Intel may be counting on the Internet of Things for future growth -- acknowledging so in its most recent lackluster earnings statement -- but it still won't stop working on faster chips for its old bread-and-butter: desktop PCs. Some recently leaked slides suggest that quad-core processors could become passé as the company rolls out more CPUs with six cores -- or higher.
Intel has always reserved its "hexacore" -- or greater -- chips for its "Extreme Edition" line that catered to gamers and other performance diehards willing to spend $1,000 or more on this single component. (AMD has long had six or more core processors, at a lower price point, though these are a minority in the overall marketplace.) For the next year, that apparently will continue to be the case, as leaked slides show Skylake-X processors that will retain the brawn of their predecessors while updating to the latest Intel chip architecture.
Due in the third quarter of 2017, Skylake-X will supposedly ship in 6-, 8-, and 10-core varieties, just as the Broadwell-E chips did. The power draw (140 watts) will be the same, but you can expect faster performance from the updated platform (including TurboBoost 3.0), as well as many lanes of PCIe Gen3 (44 for the 8-core and 10-core editions and 28 for the six-core version).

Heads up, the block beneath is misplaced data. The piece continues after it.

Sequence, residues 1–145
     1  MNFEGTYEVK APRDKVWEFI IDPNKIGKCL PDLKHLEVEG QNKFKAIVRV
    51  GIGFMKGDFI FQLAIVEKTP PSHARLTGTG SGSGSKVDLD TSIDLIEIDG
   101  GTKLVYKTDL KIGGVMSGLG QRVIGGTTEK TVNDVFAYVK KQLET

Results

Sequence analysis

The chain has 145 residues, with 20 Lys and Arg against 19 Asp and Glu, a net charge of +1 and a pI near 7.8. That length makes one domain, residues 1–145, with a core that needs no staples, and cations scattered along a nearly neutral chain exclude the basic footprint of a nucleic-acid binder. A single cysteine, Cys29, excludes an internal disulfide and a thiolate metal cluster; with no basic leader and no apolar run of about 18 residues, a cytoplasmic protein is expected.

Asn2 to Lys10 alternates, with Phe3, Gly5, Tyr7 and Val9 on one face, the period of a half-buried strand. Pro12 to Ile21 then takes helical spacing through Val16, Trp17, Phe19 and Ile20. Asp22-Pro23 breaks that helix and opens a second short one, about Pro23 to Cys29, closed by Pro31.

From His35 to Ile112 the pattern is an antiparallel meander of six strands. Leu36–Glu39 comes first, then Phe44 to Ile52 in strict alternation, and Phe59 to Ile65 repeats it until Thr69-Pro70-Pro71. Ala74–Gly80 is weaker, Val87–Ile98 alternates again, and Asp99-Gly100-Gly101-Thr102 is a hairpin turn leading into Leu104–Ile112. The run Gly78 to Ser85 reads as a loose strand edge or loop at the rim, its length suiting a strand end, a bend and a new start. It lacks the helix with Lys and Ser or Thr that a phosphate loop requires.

Notably, Skylake-X will ditch the LGA 2011 socket in favor of the new LGA 2066 socket and Basin Falls-X platform. Also coming at the same time next year is a quad-core Kaby Lake-X CPU that will make use of Basin Falls-X as well. In addition to sporting fewer cores, the Kaby Lake processor only comes with TurboBoost 2.0 support and 16 lanes of PCIe Gen3, though at 112 watts, it will consume less power.
But 2018 is the year that Intel plans to take its six-core processors into the mainstream, according to another slide leak. Not content with its collection of "lakes," the chip giant will apparently introduce Coffee Lake, another 14nm-based processor family (following Broadwell, Skylake, and Kaby Lake, with Cannonlake slated as a 10nm chip) that will include a half-dozen cores but run more efficiently at 35 watts. While there will be dual-core and quad-core Coffee Lake CPUs, the six-core one will no doubt be the most anticipated version,
Of course, we have scant other information given its leaked nature, though you can expect the Skylake-X processors to carry the usual premium price ($1,000+) you'd come to expect from Intel's "extreme" series. But if Coffee Lake is truly a chip platform for the masses, its six-core CPUs should be far, far cheaper. Again, AMD has had chips with six or eight processing cores at mainstream prices for years, but when and if Intel decides to offer its own hexacore processors, expect a lot more attention to be paid to those offerings.